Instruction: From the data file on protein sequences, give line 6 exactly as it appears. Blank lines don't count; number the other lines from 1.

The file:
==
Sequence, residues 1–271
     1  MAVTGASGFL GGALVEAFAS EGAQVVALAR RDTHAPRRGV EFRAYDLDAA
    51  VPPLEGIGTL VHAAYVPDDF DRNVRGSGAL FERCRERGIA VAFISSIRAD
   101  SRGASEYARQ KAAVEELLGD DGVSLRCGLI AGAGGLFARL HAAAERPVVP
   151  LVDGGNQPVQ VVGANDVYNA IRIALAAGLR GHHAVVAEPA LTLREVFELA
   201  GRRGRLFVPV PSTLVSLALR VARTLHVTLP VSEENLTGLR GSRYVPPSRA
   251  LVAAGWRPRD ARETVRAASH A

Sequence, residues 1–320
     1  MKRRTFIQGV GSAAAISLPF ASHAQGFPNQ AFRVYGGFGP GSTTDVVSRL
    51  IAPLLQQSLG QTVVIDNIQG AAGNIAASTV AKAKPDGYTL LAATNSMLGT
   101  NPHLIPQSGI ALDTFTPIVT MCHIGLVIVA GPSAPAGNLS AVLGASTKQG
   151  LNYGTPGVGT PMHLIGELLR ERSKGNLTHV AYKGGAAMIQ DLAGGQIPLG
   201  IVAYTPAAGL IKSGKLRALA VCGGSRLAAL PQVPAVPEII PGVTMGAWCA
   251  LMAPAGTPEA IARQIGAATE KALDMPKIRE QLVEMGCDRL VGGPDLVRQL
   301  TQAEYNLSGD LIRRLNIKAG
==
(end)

   201  GRRGRLFVPV PSTLVSLALR VARTLHVTLP VSEENLTGLR GSRYVPPSRA